In 1977, when a rocket launch pushed Voyager 1 free enough of Earth's gravitational pull to commence its long journey, National Atmospheric and Space Administration engineers did not know how long it would be sending radio waves. Yet 36 years later it is continuing to broadcast and is now believed capable of perhaps still sending signals strong enough to be picked up by a few of our telescopes for another dozen years.
Yet it almost certainly will keep moving farther from us and our sun. In "only" 40,000 years, it could be within 2 light years of another star. As many may recall, this pioneer space traveler carries a record, capable of being played by a distant intelligence, to communicate many of the sounds of our world and species. The odds against that ever occurring are great, however it is just slightly possible that one day another kind of being will find in Voyager 1 proof that it is not completely unique or alone in the vastness of space.
The craft has already provided NASA scientists with surprising data. They had anticipated that as Voyager 1 left the Solar System it would detect a new alignment of the prevailing magnetic field. Instead, they found that our sun's magnetic field and that of the Milky Way Galaxy of which we are a small part are lined up the same way.
Other scientists, more skeptical, believe this indicates that, despite evidence interpreted a few days ago as showing Voyager 1 was outside our sun's solar wind, it may yet take another year or two before the craft is truly free of the sun's system.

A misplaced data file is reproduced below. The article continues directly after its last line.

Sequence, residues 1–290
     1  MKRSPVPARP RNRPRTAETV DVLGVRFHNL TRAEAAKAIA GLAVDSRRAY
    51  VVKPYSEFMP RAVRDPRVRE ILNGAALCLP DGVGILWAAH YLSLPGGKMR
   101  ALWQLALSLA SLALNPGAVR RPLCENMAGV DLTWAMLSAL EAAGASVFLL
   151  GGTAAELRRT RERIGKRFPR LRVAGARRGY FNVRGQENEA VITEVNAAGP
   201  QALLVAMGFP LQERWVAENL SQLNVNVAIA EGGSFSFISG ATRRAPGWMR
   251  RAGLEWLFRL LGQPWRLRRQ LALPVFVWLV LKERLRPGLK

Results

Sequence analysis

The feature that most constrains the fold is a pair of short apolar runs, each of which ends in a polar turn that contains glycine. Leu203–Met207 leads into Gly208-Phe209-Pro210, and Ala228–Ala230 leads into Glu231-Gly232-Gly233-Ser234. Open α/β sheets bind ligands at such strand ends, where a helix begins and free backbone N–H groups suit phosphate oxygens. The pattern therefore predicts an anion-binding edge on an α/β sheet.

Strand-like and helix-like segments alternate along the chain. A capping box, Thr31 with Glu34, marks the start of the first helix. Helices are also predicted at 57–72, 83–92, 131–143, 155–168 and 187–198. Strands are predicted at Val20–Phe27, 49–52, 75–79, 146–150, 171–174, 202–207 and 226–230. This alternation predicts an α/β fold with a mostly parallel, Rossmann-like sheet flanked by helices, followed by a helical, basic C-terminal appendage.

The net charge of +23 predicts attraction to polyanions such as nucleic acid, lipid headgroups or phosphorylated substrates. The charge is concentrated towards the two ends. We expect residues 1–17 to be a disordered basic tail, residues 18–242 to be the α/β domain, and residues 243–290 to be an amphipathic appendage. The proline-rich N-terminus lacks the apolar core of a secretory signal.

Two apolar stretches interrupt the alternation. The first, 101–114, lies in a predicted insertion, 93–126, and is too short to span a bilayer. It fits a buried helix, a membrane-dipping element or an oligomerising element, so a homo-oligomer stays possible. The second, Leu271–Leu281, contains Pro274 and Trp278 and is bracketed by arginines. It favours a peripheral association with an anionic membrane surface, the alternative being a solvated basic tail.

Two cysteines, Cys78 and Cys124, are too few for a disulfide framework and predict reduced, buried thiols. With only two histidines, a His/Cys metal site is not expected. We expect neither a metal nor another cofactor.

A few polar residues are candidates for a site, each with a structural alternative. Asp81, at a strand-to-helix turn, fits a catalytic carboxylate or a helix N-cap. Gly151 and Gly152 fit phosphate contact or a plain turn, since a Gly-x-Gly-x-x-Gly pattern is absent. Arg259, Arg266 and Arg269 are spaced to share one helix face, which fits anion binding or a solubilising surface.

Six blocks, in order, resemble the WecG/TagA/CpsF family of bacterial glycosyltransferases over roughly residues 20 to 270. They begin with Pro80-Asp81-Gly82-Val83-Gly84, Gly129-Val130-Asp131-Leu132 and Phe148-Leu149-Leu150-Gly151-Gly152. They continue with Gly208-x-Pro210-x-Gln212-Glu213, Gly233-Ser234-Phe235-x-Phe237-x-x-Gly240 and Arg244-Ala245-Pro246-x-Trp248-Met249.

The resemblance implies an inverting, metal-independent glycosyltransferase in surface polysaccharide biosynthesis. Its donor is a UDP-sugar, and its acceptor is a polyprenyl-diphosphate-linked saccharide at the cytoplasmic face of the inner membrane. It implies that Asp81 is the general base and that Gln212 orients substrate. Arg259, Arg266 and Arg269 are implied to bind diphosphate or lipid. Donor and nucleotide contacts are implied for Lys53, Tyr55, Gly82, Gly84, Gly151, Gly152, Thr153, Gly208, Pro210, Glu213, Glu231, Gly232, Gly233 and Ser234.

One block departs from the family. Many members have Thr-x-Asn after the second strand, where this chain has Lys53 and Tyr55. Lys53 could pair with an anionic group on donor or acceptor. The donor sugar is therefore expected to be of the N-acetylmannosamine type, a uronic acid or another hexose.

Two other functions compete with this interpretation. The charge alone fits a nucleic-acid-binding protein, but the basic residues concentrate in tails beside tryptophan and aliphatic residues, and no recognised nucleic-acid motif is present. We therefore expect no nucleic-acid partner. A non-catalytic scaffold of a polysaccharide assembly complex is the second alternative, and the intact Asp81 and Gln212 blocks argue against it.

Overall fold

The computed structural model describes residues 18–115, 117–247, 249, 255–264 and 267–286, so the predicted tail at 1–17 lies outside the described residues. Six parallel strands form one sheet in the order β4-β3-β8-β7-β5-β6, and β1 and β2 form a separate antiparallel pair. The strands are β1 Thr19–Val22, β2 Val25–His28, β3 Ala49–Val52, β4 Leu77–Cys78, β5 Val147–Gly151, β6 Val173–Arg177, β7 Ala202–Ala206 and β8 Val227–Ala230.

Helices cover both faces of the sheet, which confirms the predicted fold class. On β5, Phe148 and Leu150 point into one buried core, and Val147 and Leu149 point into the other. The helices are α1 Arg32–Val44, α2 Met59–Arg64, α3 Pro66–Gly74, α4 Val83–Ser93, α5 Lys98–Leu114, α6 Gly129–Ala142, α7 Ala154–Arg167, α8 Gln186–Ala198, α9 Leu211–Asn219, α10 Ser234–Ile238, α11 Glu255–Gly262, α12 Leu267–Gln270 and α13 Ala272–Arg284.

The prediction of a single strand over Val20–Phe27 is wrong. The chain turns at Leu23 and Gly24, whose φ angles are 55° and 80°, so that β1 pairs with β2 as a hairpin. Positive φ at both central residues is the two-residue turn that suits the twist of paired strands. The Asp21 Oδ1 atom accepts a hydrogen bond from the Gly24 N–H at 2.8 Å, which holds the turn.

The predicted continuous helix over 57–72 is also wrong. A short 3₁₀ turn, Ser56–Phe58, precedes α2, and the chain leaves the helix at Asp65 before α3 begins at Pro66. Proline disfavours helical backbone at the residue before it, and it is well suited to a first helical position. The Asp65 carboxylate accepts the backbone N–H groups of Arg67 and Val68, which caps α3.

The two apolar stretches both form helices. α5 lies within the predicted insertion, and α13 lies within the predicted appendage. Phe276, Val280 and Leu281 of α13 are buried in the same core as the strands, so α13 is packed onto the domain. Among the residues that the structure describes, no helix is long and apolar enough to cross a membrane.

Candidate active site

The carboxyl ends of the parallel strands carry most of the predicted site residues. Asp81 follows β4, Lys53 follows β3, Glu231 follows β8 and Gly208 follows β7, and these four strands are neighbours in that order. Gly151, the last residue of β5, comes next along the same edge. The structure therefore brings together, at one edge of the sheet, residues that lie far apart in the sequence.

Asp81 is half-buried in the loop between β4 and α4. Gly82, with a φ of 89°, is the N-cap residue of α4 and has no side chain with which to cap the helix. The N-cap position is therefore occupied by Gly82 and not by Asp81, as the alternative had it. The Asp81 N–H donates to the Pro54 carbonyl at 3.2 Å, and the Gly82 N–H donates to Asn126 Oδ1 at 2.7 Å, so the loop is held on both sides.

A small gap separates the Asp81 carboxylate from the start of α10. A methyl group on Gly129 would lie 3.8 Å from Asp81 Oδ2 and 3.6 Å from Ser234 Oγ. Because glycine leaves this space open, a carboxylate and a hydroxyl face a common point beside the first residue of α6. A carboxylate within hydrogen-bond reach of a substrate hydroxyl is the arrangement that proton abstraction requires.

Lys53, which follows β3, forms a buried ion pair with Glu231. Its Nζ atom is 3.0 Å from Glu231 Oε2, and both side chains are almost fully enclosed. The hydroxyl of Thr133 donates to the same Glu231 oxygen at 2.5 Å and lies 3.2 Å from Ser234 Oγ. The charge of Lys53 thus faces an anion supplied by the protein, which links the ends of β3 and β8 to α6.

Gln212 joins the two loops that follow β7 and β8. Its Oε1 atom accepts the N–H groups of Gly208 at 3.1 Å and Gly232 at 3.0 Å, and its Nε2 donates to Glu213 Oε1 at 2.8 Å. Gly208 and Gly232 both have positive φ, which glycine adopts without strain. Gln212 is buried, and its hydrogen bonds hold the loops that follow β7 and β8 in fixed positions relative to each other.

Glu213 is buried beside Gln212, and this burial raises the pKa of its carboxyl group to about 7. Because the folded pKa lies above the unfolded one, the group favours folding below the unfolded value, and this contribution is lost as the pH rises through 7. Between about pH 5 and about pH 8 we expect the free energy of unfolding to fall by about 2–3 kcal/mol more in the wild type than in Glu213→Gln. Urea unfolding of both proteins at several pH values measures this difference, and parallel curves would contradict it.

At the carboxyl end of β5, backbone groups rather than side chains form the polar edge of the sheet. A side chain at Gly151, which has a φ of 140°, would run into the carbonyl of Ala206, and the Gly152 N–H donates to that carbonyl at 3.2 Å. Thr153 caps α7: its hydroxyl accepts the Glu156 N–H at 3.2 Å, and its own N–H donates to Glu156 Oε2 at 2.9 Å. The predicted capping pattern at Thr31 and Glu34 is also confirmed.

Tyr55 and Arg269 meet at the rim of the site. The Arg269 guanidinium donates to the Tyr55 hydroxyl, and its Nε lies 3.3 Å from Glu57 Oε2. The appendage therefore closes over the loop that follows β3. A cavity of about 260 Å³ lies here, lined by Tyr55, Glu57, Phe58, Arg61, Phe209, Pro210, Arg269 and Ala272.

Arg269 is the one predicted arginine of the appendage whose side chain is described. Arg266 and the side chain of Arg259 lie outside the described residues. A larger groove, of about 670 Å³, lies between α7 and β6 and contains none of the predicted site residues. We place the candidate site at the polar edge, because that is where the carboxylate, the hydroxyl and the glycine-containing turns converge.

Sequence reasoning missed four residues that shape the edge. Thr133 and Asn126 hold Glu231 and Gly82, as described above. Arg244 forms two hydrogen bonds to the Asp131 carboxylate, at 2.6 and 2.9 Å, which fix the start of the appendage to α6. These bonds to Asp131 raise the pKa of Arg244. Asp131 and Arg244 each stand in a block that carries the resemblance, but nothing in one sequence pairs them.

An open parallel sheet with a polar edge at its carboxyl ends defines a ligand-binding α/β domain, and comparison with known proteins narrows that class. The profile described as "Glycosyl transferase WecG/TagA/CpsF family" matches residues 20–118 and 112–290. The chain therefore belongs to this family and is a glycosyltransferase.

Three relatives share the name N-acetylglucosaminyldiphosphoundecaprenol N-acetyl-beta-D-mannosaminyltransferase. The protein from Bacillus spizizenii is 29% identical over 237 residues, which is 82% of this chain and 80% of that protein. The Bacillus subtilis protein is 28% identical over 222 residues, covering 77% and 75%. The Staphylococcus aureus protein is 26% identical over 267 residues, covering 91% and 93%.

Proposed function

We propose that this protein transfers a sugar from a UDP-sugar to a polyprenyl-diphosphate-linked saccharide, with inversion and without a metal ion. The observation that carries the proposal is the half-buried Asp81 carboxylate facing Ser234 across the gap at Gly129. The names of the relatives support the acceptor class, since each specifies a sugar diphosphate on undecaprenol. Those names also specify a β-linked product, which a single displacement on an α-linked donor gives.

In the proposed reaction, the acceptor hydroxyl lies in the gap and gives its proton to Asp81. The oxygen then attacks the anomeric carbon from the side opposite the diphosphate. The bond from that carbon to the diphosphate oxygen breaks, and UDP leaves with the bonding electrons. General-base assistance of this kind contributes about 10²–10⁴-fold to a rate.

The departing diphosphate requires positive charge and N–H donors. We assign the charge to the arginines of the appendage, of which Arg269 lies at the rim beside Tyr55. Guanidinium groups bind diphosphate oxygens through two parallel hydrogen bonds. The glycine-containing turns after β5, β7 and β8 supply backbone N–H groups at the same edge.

Others note that the definition of where the Solar System ends is inexact. For instance, though Voyager 1 is now known to be beyond both the planets and the solar wind, it will take thousands of years of further travel before it is beyond the cluster of comets and the cloud of large hunks of ice that, like Pluto, are still in orbit about the sun from distant reaches.
Nonetheless, even if not yet beyond our solar system by all meanings of that term, it is certainly a far expanse away. Scientists agree that the craft's progress has taken it beyond the heliosphere and that this was actually accomplished in August of last year. Just 55 years after Soviet Russia's space program successfully put Sputnik in orbit above Earth's atmosphere, NASA has successfully sent a craft beyond the sun's atmosphere as well. Not bad.
A Blue Dot in a Cosmic Ocean: Radio Signal from NASA's Voyager 1 As It Travels Outside Our Solar System Is Seen from Earth for the First Time. Associated Press in Mail Online; September 17, 2013.
Where in the Solar System Has Voyager 1 Wound Up? Glenn Fleishman in Boing Boing; September 12, 2013.
Voyager 1 Leaves Solar System, NASA Confirms. Dan Vergano in National Geographic; September 12, 2013.